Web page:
Policy & Practice: Policy & Practice Papers


Authors: Jeanne Howard & Madelyn Freundlich
Published: 2008 Sept. New York NY: Evan B. Donaldson Adoption Institute
Document Type: Policy Brief (51 pages)
Availability: PDF Full Report | Executive Summary | Web Page | Press Release

This Institute report offers recommendations to increase the pool of prospective adoptive parents for children in foster care by changing state laws and agency practices so they become more welcoming of gay and lesbian applicants. This report builds on the Institute's 2006 Policy & Practice Perspective, "Expanding Resources for Waiting Children: Is Adoption by Gays and Lesbians Part of the Answer?"

The paper provides specific, research-based findings and recommendations relating to state laws and adoption agency policies. The recommendations include:


Executive Summary

For a growing number of boys and girls in foster care, the path to a safe, loving, permanent family is through adoption. These children - most of whom are older and have special physical, mental health, and/or developmental challenges - face gloomy prospects of succeeding in life without adoptive parents who can provide them with affection, nurture, support, and guidance. Often, their foster parents adopt them; in thousands of other cases each year, however, child welfare agencies must recruit new adoptive families to meet these children's needs. That reality has led to an increasingly urgent, nearly universal professional consensus that the pool of potential adoptive parents must be expanded to keep pace with the growing number of children in foster care who are legally free for adoption. Nevertheless, there remains considerable debate over whether all adults, especially those who are lesbian or gay, should be considered as suitable mothers and fathers.

Adoption by non-heterosexuals has been the subject of considerable interest in a rapidly changing legal and policy environment. During the early 2000s, a number of states enacted or attempted to enact legislation to prohibit gays and lesbians from fostering or adopting children. Recently, legislative efforts have taken a different form, in which legislation attempts to accomplish the same goal through broad language that prohibits unmarried, cohabitating couples from fostering or adopting. At the same time, efforts are underway to amend the existing bans on adoption by gay and lesbian individuals and other unmarried, cohabitating couples. In yet other states, laws have been passed to authorize joint or second-parent adoption for gay and lesbian parents (granting parental rights to the partner in a same-sex couple), and such legislation is pending in additional states.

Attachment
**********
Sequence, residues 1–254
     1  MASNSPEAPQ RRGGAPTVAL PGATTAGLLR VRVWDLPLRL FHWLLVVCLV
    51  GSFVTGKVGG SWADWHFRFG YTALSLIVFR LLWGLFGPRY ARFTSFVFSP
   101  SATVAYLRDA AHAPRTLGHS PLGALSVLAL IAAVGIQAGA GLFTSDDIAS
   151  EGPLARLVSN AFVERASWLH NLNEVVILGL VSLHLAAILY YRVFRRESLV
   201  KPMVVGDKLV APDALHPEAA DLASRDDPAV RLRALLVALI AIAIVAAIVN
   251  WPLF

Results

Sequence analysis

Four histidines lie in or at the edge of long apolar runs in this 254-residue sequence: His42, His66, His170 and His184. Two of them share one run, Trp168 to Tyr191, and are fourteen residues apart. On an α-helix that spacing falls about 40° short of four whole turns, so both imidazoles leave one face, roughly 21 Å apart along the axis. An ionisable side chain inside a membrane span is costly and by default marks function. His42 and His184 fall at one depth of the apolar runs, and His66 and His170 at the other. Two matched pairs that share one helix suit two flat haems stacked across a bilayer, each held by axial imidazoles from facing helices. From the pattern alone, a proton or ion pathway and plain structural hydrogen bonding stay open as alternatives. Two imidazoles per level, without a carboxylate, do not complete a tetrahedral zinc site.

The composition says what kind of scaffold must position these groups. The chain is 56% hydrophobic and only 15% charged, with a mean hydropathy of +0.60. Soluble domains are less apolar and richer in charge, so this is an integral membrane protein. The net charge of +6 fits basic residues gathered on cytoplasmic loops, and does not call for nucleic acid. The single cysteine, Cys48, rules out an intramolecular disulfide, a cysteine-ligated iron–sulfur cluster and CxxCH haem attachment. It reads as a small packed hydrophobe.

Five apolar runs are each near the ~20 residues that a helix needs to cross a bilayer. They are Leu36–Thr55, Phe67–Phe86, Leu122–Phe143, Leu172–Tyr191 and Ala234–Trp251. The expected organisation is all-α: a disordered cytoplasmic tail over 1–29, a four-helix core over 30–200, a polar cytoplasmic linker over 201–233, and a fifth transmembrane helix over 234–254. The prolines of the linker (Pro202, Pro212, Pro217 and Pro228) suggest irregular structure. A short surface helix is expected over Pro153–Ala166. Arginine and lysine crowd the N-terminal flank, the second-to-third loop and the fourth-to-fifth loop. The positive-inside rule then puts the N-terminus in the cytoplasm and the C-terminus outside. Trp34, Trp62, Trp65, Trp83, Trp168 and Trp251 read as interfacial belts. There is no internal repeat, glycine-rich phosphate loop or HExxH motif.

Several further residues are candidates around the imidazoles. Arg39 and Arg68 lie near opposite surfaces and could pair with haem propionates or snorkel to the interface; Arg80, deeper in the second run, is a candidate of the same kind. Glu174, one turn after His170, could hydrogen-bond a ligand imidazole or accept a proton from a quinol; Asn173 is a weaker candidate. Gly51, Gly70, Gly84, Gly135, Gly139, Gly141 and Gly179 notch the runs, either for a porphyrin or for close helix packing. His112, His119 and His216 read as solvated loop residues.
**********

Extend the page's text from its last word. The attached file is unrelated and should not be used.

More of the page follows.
This report builds on the Evan B. Donaldson Adoption Institute's 2006 Policy & Practice Perspective, Expanding Resources for Waiting Children: Is Adoption by Gays and Lesbians Part of the Answer? and, like that initial paper, focuses on meeting the needs of waiting children. It provides an overview of current law and policy, and offers recommendations for expanding the pool of qualified adoptive families for these children by removing legal and practice barriers to gay and lesbian adoption.